Social Determinants of American Indian Nutritional Health

Donald Warne, Siobhan Wescott

Research output: Contribution to journalArticlepeer-review

51 Scopus citations


The American Indian (AI) population suffers from significant health disparities, including nutrition-related chronic diseases (diabetes, cancer, and heart disease). Several risk factors for disease and social determinants of health have unique histories in the AI population, including historical trauma, boarding schools, adverse childhood experiences, poverty, federal food programs, and food deserts. To effectively address these disparities, a multipronged approach in collaboration with stakeholders is needed to address the upstream social determinants of health and to increase access to healthier foods. Promising practices and strategies can be considered in several focus areas, including 1) improving existing food programs, 2) promoting breastfeeding and early childhood nutrition, 3) promoting food sovereignty and access to traditional foods, 4) expanding locally cultivated foods, and 5) taxing unhealthy foods and subsidizing healthier options. As these strategies are implemented, it is vital that they are studied, evaluated, and reported to expand tribally specific evidence-based practices.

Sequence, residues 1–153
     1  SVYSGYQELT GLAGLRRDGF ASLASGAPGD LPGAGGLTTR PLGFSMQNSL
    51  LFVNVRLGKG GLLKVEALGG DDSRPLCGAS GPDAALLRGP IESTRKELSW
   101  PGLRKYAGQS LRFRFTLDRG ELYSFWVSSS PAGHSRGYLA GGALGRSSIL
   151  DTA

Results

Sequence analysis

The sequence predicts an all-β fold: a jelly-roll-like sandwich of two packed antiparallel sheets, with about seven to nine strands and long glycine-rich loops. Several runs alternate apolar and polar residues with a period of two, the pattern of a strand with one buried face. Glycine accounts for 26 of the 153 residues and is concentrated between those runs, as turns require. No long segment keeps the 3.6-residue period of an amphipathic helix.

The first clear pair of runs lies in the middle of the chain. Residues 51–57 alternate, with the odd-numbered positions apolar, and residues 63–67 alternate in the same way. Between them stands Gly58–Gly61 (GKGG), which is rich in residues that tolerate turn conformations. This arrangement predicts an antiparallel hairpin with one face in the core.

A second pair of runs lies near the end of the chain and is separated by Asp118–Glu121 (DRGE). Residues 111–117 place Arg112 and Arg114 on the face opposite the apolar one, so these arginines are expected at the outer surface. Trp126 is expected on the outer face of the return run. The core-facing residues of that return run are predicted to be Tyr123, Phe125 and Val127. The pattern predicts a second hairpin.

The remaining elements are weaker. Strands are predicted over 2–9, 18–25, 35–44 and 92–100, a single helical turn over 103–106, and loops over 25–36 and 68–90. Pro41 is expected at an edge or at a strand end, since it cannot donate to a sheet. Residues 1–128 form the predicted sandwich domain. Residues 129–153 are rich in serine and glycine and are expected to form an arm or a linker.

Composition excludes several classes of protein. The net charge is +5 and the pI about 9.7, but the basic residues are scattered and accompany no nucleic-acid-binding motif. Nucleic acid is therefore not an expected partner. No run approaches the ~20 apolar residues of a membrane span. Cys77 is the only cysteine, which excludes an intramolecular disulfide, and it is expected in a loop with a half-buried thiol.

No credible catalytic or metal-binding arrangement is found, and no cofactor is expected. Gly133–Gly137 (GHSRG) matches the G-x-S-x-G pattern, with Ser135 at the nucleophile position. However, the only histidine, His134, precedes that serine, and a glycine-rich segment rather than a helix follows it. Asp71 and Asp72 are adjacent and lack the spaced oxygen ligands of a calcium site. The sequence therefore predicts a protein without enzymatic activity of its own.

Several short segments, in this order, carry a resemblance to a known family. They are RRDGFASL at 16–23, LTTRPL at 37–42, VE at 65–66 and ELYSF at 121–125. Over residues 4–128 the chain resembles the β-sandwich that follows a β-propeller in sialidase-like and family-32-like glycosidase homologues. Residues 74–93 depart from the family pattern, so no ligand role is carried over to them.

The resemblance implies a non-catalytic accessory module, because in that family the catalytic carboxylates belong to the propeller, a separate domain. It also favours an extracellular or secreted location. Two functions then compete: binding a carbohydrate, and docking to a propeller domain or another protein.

Original languageEnglish (US)
Pages (from-to)12-18
Number of pages7
JournalCurrent Developments in Nutrition
StatePublished - Feb 13 2019


  • American Indian
  • health disparities
  • historical trauma
  • nutrition
  • social determinants

ASJC Scopus subject areas

  • Medicine (miscellaneous)
  • Food Science
  • Nutrition and Dietetics


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